Open enrollment for health insurance coverage in 2015 has begun. The health insurance exchanges are open for business. Let the chaos begin!
So far, the operation of the exchanges has been relatively smooth, but there is some confusion with respect to the plans themselves. Prices are quite volatile as insurance companies adjust their plans after analyzing the first full year of ObamaCare. The result is a crazy quilt of plan changes and different options.
Under these conditions, automatically renewing your own policy without reviewing your options is unwise for several reasons.
- Price Changes – Chances are good that your options are increasing, and that prices have changed in your area – perhaps raised or lowered, but changed nevertheless.
The New York Times created a color-coded map of the changes for the states covered by the federal exchange. Changes on the map range from an increase of 29.5% in Tama County, Iowa, to a 28.4% decrease found in several counties in Mississippi.
The Times study also found the free-market aspects acting as expected. Areas with few insurers were experiencing sharper increases in premiums – up by five percent or more in 89% of counties served by only one insurer, and over ten percent in approximately 25% of counties with only one or two insurers. Meanwhile, areas with increasing numbers of choices predictably have falling premiums.
- Subsidies – If you are receiving subsidies on your current plan and your income levels have changed, the amount of subsidies available to you may change.
Even if your plan and your income stay exactly the same, it is possible for your subsidy to change. The subsidy is determined by a particular benchmark plan in your area, typically the next-to-the-lowest priced silver plan. If the price of the baseline plan drops, the subsidy amounts decrease accordingly.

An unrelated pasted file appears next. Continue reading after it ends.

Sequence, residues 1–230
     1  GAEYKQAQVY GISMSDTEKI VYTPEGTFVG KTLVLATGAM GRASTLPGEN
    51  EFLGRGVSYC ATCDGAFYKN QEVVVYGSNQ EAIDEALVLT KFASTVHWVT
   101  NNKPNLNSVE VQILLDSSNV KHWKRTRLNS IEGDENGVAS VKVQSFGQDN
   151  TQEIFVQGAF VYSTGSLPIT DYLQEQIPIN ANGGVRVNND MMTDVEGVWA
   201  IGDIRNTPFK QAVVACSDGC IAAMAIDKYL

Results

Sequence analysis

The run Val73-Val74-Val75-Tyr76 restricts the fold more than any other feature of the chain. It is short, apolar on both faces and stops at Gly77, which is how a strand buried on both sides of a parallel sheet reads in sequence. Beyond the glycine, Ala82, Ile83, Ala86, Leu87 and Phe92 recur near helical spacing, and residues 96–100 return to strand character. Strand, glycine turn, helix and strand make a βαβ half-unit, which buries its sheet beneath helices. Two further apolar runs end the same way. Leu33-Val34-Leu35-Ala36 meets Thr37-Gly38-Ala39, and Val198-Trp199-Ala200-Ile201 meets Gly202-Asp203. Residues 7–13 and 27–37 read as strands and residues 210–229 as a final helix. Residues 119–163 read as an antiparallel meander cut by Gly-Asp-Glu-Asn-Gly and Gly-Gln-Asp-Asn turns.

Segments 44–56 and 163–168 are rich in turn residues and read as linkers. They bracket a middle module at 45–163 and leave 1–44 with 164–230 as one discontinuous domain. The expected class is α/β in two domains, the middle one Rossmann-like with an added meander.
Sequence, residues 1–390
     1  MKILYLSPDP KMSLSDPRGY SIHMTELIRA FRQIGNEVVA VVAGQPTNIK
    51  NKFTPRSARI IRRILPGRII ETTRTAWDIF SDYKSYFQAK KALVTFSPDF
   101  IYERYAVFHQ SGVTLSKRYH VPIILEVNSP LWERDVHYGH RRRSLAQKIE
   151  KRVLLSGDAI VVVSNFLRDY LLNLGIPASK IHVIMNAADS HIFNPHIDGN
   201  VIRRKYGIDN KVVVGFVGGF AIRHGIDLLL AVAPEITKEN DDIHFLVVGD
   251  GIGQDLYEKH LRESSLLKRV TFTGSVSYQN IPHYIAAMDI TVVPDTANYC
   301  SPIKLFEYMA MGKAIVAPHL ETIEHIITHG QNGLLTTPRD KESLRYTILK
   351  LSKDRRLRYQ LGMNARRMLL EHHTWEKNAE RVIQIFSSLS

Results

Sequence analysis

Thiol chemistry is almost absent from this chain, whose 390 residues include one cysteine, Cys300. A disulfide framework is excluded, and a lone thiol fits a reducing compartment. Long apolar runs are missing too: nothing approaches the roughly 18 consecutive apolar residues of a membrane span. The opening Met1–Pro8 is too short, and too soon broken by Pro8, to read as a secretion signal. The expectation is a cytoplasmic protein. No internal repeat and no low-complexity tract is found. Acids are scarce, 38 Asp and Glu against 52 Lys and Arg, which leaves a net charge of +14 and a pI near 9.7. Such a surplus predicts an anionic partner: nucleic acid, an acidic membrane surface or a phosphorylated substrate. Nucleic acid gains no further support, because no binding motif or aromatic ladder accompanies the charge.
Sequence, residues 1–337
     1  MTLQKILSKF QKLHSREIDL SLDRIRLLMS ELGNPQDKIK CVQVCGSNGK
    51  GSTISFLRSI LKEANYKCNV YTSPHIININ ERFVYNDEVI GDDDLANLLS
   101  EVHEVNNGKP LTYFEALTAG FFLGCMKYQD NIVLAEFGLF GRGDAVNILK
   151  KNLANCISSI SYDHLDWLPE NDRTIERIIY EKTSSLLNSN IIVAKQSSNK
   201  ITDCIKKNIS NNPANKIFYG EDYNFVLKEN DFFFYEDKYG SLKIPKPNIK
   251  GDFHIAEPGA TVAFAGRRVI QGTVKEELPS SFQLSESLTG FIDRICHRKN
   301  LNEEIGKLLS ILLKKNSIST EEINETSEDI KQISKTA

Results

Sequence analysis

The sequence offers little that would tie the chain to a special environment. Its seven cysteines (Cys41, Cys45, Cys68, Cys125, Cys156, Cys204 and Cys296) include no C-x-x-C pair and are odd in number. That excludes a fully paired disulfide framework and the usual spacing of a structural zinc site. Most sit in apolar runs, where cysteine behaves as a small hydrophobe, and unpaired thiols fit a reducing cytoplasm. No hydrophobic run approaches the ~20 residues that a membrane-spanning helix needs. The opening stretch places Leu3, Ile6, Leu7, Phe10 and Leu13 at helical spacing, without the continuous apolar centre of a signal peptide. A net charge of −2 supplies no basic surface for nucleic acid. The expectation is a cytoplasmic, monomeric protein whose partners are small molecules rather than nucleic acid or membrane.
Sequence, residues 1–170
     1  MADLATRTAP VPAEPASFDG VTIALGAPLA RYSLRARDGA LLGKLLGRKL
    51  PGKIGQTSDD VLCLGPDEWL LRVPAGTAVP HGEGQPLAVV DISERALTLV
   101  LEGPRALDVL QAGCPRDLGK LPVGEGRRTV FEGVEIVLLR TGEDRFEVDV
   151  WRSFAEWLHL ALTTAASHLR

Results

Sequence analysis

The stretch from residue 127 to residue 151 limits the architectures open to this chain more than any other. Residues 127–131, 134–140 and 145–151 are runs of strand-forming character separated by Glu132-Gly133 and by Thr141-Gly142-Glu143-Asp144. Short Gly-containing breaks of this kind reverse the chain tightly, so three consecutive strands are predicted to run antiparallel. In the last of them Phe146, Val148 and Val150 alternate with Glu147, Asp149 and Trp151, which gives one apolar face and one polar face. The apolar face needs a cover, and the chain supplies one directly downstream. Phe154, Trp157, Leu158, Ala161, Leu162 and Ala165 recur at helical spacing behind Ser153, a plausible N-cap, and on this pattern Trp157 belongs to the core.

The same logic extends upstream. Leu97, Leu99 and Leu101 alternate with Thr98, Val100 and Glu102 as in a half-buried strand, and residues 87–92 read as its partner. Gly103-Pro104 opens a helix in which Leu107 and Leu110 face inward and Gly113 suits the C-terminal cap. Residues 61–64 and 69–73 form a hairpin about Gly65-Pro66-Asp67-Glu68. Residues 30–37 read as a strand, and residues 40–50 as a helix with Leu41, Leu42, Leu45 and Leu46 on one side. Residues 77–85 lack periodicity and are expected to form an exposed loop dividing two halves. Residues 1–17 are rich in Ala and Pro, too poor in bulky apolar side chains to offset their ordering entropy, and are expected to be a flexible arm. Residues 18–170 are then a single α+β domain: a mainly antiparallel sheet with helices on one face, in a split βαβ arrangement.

The same change could work to your advantage if the benchmark plan rises in price while your plan drops.
- Deductibles – Deductibles are rising in general, and rising deductibles do not necessarily correlate with lower premium costs. Make sure you compare deductibles as well as price with your plan options, and consider how likely you are to reach the deductible value.
- Coverage Changes – Coverage aspects of a plan can change from one year to the next – for example, with respect to the doctors that are in network or the prescription drugs that are covered. If you are currently satisfied with your plan, verify that the elements of the plan that you like will still be there next year.
Remember that while the open enrollment period lasts until February 15th, you need to be enrolled in a 2015 plan by December 15th for your 2015 coverage to be valid at on January 1st. It is in your best interests to review the plans as early as you can to avoid making snap decisions on your coverage, or leaving a gap in your coverage at the beginning of the year.
Expect yearly open enrollment to be an annual ritual from now on (barring any ObamaCare surprises from the Supreme Court and/or Republicans). As with any new system, it will take some time for the market to reach equilibrium, and most legislative changes will stir the pot up again.
Even if the market does reach some sort of balance, there will always be two good reasons to review your plan annually: your plan may change, and you could save money with an alternative. Why would you not consider money-saving options on something as potentially expensive as health care? It is too important to dismiss.